Reliability and diagnostic validity of joint vibration analysis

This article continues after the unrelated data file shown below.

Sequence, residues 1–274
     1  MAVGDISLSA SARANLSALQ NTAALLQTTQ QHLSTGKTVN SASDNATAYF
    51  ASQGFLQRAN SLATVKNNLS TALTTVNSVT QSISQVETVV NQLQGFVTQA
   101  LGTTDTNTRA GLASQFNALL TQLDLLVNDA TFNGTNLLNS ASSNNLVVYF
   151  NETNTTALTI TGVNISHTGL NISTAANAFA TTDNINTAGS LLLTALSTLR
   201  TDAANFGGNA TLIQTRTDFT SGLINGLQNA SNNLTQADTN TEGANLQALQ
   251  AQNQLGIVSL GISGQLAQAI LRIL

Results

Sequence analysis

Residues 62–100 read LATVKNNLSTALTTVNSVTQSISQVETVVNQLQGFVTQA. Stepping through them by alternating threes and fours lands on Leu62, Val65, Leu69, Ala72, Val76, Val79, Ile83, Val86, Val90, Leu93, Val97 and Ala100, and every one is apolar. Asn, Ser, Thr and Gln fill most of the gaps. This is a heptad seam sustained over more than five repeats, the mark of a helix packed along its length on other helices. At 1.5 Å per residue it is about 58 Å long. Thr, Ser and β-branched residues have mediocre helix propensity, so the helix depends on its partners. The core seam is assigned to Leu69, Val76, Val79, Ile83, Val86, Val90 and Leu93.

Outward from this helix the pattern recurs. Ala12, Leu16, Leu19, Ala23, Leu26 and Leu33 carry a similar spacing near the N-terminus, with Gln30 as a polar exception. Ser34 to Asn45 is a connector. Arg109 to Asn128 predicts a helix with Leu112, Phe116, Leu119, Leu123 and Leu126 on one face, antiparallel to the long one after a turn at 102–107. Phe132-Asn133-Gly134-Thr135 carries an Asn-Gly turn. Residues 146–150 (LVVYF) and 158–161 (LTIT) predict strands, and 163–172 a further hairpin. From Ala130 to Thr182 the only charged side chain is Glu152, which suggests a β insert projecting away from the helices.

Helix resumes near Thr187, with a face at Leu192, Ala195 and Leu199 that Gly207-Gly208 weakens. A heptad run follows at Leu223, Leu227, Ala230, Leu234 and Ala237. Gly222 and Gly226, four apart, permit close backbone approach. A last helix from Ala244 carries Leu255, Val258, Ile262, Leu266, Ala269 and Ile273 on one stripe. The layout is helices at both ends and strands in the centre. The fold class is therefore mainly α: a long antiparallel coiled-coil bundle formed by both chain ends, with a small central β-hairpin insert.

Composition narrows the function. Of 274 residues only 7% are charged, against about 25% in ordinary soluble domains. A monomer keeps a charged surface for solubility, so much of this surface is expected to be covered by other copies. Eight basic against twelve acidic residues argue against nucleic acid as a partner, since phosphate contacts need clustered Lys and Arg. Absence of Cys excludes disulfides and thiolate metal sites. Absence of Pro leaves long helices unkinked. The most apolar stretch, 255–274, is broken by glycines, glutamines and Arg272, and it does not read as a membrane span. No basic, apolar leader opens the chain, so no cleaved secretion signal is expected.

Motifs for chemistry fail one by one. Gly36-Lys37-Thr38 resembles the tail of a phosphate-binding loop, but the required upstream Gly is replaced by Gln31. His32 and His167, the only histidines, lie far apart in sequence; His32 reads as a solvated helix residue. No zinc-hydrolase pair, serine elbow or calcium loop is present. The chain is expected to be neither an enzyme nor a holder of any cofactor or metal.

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The use of electronic devices for the diagnosis of temporomandibular disorders (TMD) has been a subject of controversy for decades. Methodological limitations of the existing body of literature led to the current American Association of Dental Research (AADR) policy statement which reports that none of the current technological devices show the sensitivity and specificity required to separate normal subjects from TMD patients or can distinguish among types of TMD. This observational study was designed to evaluate the clinical reliability and diagnostic validity of the Joint Vibration Analysis (JVA) in patients with disc displacement with reduction. Subjects who had undergone a magnetic resonance imaging (MRI) for their temporomandibular joints (TMJs) within the last two years were recruited. The JVA was used to record two tracings from each individual at an interval of 30 minutes apart to determine the short term reliability of the vibration phenomenon. In order to assess the diagnostic validity, MRI was used as the reference standard. The short term reliability of the JVA outcome variables showed excellent results, the Intraclass correlation coefficients (ICCs) ranged from 0.63 to 0.90. A sensitivity of 48% and specificity of 94% was obtained for the correct identification of subjects with and without disc displacement with reduction. Based on high specificity, the JVA instrument is able to identify the normal joints. It has the potential to be used in the selection of patients that do not need further TMJ imaging of the soft tissues. This would reduce the associated costs to the healthcare system and the concomitant discomfort to the patient. In addition, at the research level, this instrumentation could be useful to monitor the joint status in order to evaluate the clinical course of disc displacements and what impact they have on in jaw function.